To become a registered podiatrist you will need to study and achieve a BSc (Hons) Podiatry Degree. Whilst there are only 13 university degree programmes for podiatry across the UK you should be able to find one that is accessible to you as there is a wide geographical spread. Below is the current list:
Universities offering podiatry degrees
|Edinburgh||Southampton (this is the only Russell Group University in the UK to offer a BSc (hons) Podiatry degree)|
Most universities have a September start date for undergraduate students. However, some do offer a January start for Podiatric Medicine. View here to see the universities that have a January intake.
What are the university entry requirements for a podiatry degree?
To apply to universities for Podiatry, you should have, or be working towards achieving a relevant Access to HE Diploma in Health Science. Or alternatively, 3 A Levels with at least one in a science area. Universities can advise on their particular entry requirements and they also publish these on the UCAS (Universities and Colleges Admissions Service) web site.
With the A Level route you may also be expected to have a minimum of 5 GCSEs. With the Access to HE Diploma route you are normally only required to have 2 GCSEs in English and Maths at Grade C or above. Access to HE Diplomas are normally aimed towards adults 18+ returning to education or wishing to change to a new career. There are no upper age limits. The Diploma qualification is viewed as being equivalent to 3 A Levels. Access to HE can be studied from home via distance-online learning or at a local college/academy.
There are other issues to consider whilst studying for your level 3 qualification. For example, by gaining relevant knowledge of the profession through shadowing a podiatrist. This will give you first-hand experience and enable you to find out more about the role from someone who is qualified in this expert field of work.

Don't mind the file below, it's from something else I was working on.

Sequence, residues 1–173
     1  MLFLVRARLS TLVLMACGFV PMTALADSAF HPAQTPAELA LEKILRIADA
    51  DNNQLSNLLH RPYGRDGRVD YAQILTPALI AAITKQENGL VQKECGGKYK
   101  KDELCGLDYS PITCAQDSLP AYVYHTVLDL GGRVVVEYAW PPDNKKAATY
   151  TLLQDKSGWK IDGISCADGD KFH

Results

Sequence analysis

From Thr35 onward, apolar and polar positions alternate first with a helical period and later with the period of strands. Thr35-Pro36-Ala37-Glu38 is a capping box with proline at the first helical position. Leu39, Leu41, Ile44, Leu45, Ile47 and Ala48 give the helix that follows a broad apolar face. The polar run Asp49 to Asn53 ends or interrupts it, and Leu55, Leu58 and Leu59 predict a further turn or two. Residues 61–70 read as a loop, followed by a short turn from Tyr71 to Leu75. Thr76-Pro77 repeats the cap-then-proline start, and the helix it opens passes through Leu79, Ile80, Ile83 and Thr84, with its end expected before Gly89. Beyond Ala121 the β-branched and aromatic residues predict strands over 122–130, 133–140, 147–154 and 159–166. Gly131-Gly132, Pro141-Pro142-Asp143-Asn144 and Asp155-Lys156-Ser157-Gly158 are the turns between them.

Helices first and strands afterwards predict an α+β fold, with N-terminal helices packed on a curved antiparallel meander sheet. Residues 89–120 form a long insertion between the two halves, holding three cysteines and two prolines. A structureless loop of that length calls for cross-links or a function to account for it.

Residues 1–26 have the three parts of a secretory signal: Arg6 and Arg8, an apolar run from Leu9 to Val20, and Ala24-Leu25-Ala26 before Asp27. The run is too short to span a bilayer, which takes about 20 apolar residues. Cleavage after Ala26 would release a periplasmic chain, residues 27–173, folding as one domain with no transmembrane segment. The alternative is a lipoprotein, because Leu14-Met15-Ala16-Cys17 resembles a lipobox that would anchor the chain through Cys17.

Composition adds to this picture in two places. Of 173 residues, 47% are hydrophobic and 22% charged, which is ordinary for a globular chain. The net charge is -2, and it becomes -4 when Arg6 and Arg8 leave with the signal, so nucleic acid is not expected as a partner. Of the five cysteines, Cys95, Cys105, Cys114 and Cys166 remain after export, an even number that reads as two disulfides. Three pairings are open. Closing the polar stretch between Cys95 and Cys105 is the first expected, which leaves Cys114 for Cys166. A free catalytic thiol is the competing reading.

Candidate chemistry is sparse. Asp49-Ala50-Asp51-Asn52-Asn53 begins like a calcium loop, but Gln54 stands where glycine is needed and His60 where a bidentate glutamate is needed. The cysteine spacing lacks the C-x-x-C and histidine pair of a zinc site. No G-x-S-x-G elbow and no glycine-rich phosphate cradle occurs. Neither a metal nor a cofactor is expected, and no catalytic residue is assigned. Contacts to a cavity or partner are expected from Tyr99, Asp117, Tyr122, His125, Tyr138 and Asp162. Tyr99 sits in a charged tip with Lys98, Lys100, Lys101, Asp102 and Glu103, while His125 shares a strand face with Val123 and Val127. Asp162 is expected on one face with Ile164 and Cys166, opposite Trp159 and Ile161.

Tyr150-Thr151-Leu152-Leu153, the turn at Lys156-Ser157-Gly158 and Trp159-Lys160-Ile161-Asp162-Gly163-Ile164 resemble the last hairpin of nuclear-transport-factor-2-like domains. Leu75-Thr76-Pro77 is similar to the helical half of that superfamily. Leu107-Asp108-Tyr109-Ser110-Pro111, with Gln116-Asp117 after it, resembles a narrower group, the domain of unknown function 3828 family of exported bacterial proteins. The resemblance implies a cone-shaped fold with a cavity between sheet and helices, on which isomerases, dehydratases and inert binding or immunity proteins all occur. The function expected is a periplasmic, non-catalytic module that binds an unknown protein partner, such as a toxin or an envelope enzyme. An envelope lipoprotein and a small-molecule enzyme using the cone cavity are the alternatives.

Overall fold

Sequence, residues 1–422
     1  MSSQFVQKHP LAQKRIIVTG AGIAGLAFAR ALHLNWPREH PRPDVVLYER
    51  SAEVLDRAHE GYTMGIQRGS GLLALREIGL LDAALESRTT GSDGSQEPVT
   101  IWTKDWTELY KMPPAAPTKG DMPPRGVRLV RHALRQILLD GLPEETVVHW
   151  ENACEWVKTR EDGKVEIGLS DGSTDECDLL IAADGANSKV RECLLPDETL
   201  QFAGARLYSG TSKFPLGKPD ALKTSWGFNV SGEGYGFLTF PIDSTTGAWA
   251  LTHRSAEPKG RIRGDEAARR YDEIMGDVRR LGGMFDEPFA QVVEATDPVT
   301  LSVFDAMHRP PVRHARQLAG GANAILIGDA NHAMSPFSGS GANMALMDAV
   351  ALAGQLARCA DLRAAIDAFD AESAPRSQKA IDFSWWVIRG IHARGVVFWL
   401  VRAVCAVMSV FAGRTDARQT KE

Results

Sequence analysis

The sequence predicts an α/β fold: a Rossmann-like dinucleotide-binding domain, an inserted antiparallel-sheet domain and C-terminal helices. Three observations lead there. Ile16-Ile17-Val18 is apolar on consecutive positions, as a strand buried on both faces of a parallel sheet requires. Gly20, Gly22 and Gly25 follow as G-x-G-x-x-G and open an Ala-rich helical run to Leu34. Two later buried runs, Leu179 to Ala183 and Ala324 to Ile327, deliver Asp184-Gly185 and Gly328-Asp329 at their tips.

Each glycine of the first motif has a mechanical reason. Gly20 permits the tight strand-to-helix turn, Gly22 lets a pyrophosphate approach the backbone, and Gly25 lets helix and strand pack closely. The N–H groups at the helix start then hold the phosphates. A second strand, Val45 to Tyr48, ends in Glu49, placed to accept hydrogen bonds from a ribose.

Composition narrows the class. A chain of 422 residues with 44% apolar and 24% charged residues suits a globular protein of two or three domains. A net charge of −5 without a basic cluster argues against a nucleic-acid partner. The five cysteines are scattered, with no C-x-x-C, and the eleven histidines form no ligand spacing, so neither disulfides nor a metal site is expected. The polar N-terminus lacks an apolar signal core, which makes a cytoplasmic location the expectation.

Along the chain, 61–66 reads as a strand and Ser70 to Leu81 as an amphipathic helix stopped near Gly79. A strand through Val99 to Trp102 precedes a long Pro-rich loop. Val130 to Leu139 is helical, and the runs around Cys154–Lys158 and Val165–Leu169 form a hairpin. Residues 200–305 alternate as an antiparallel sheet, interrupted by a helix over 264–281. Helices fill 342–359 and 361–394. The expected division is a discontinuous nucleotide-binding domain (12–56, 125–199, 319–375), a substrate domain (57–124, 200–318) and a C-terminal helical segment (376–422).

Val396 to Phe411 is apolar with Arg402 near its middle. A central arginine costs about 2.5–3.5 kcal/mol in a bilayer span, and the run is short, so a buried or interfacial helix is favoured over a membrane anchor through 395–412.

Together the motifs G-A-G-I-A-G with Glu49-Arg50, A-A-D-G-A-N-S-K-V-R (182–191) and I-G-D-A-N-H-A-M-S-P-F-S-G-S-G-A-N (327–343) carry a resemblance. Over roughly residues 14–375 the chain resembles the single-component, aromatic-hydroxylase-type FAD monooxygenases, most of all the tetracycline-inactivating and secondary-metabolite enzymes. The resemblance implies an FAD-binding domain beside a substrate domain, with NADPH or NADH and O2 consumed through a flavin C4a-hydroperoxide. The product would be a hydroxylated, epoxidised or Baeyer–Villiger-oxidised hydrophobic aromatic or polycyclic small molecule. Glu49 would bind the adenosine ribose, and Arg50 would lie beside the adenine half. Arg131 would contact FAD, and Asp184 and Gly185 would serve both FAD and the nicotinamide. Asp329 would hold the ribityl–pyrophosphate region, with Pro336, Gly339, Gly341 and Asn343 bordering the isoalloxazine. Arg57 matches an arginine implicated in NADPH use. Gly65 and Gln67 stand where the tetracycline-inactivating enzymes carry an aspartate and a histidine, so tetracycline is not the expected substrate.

Is there a difference between a podiatrist and a chiropodist?
The simple answer is no especially in the UK as both titles mean that you are a fully trained professional in the diagnosis and treatments that come under the same specialism. The title of chiropody has been replaced, for the most part, by the title podiatry. Many people might believe podiatry or chiropody is just about treating foot problems like in-growing toenails but, in fact, these professionals diagnose and treat far wider symptoms, from painful (but often embarrassing) bunions to a variety of lower limb pain somethimes associated with diabetes, arthritis or sports injuries. It is a specialist area of medicine for the diagnosis and treatments of conditions affecting the foot, ankle, and structures of the leg. Unlike other areas of health, podiatry covers all age ranges from young children to the elderly.
The main aim of podiatry is to give the best possible chance of improving mobility, help people live independently and improve their quality of life - which all in all shows how important and rewarding this specialism is.
What career progression opportunities are available?
If you decide to train as a podiatric you will undergo a 3 year programme of study which will include a balance between theory and clinical practice. The practical element can be undertaken in both NHS and Private clinics. Once qualified you can register with the Health and Care Professions Council (HCPC). Your qualification could also be recognised by the Society of Chiropodists and Podiatrists. There are opportunities to work in the NHS, private sector, establish your own private practice or take your skills further afield to assist those in less developed countries. You can also undertake further training and become a podiatric surgeon.
What are the pay and working condition like?
As a general guide, once you are qualified and registered the salary currently starts at nearly £22,000 per year. On top of this you can earn more through overtime and other payments. There are incremental pay increases as you progress through continual professional development and further training. You can also choose to work full or part-time.
What annual leave are podiatrists entitled to?
Within the NHS annual leave is quite generous, up to 27 days per year, which on average exceeds the amount of paid holidays in private sector companies. On top of this, you’ll get 8 general and public holidays.
How is the course funded?
As this is a pre-registration course you can apply for the standard student support package in the form of a student loan. Scholarships, bursaries or grants may also be available through the university or your place of work.
More information on Careers in Podiatry